A Deep Dive Into Spring Cloud Load Balancer

Spring Cloud is currently on the verge of large changes. I have been writing about it in my previous article A New Era of Spring Cloud. While almost all of Spring Cloud Netflix components will be removed in the next release, it seems that the biggest change is a replacement of Ribbon client into Spring Cloud Load Balancer.
Currently, there are not many articles about Spring Cloud Load Balancer online. In fact, this component is still under active development, so we could expect some new features in the near future. Netflix Ribbon client is stable solution, but unfortunately not developed anymore. However, it is still used as a default load balancer in all Spring Cloud projects, and has many interesting features like integration with circuit breaker or load balancing according to an average response time from service instances. Currently, such features are not available for Spring Cloud Load Balancer, but we can create some custom code to implement them. In this article I’m going to show you how to use spring-cloud-loadbalancer module with RestTemplate for communication between applications, how to implement custom load balancer basing on average response time, and finally how to provide static list of service addresses.

If you are interested in more detailed explanation of Spring Cloud components used for inter-service communication you should refer to the third part of my online course Microservices With Spring Boot And Spring Cloud: Part 3 – Inter-service communication.


You can find a source code snippets related to this article in my GitHub repository https://github.com/piomin/course-spring-microservices.git. That repository is also used for my online course, so I decided to extend it with the new examples. All the required changes were performed in directory inter-communication/inter-caller-service inside that repository. The code is written in Kotlin.
There are three applications, which are a part of our sample system: discovery-server (Spring Cloud Netflix Eureka), inter-callme-service (Spring Boot application that expose REST API), and finally inter-caller-service (Spring Boot application that calls endpoints exposed by inter-callme-service).

How to start

To enable Spring Cloud Load Balancer for our application we first need to include the following starter to Maven dependencies (this module may be also included together we some other Spring Cloud starters).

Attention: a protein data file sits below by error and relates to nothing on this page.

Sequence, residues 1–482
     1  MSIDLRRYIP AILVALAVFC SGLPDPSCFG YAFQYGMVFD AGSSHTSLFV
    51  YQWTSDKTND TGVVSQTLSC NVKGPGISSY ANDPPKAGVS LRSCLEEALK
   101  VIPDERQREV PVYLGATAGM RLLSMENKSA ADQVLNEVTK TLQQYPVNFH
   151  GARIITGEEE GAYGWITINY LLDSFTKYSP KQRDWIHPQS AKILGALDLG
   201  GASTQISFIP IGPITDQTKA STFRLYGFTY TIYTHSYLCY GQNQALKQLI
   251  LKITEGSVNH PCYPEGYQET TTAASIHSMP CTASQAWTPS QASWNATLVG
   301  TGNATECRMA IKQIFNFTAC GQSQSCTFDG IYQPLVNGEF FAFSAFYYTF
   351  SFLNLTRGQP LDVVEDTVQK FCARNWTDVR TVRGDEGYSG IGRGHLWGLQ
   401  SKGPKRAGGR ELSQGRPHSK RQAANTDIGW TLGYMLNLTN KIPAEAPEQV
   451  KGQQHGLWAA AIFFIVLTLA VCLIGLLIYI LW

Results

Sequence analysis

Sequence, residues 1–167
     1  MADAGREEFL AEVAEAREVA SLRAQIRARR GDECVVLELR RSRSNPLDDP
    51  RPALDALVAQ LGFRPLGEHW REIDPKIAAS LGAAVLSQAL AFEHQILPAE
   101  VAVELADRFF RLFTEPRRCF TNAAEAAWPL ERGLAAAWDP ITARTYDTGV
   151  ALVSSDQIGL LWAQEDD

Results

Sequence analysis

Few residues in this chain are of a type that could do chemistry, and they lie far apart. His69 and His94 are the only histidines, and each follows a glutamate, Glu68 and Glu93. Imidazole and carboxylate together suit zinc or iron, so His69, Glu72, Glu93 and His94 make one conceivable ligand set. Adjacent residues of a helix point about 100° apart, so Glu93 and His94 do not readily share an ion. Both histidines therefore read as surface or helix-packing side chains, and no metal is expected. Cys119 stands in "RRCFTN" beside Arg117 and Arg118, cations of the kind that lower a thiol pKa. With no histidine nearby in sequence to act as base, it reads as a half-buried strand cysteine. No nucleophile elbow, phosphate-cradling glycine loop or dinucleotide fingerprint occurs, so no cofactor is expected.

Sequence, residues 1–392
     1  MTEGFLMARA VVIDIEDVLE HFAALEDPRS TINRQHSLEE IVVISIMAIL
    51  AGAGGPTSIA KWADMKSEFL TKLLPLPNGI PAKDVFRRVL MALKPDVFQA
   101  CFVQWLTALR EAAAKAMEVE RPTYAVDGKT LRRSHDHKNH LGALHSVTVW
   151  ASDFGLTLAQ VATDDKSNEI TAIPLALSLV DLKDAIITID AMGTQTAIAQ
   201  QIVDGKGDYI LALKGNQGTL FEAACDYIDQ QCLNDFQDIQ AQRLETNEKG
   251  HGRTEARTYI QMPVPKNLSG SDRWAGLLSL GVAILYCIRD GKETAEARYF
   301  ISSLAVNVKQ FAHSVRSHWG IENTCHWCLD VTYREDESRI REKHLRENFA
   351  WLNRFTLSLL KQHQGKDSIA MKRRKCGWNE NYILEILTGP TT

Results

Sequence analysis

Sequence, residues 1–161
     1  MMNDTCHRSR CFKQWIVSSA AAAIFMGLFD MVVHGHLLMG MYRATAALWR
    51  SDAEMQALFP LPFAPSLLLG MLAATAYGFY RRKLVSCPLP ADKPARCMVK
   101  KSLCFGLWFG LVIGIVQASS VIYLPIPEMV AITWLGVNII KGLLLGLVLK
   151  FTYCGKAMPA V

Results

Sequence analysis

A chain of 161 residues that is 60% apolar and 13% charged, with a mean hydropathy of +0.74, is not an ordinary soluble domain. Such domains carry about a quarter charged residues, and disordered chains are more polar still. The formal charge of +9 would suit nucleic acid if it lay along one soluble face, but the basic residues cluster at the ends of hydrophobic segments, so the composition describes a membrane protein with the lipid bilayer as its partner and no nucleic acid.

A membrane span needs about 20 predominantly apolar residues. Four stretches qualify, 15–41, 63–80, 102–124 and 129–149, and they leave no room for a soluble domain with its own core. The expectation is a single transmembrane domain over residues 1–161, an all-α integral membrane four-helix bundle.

Because Ribbon is still used as a default client-side load balancer for REST-based communication between applications we need to disable it in application properties. Here’s fragment of application.yml file.

    name: inter-caller-service
        enabled: false

For discovery integration we also need to include spring-cloud-starter-netflix-eureka-client. To use RestTemplate with client-side load balancer we should define such bean and annotate it with @LoadBalanced. As you on the code below I’m also setting interceptor on RestTemplate, but more about it in the next section.

fun template(): RestTemplate = RestTemplateBuilder()

Adapt traffic to average response time

Spring Cloud Load Balancer provides simple round robin rule for load balancing between multiple instances of a single service. Our goal here is to implement a rule, which measures each application response time and gives a weight according to that time. The longer the response time, the less weight it will get. The rule should randomly picks an instance where the possibility is determined by its weight. To record response time of each call we need to set already mentioned interceptor that implements ClientHttpRequestInterceptor. Interceptor is executed on every request (1). Since the implementation is very typical, one line requires explanation (2). I’m getting the address of target application from thread scoped variable existing in Slf4J MDC. Of course I could also implement a simple thread scoped context based on ThreadLocal, but MDC is used here just for simplification.

class ResponseTimeInterceptor(private val responseTimeHistory: ResponseTimeHistory) : ClientHttpRequestInterceptor {

    private val logger: Logger = LoggerFactory.getLogger(ResponseTimeInterceptor::class.java)

    override fun intercept(request: HttpRequest, array: ByteArray,
                           execution: ClientHttpRequestExecution): ClientHttpResponse {
        val startTime: Long = System.currentTimeMillis()
        val response: ClientHttpResponse = execution.execute(request, array) // 1
        val endTime: Long = System.currentTimeMillis()
        val responseTime: Long = endTime - startTime
        logger.info("Response time: instance->{}, time->{}", MDC.get("address"), responseTime)
        responseTimeHistory.addNewMeasure(MDC.get("address"), responseTime) // 2
        return response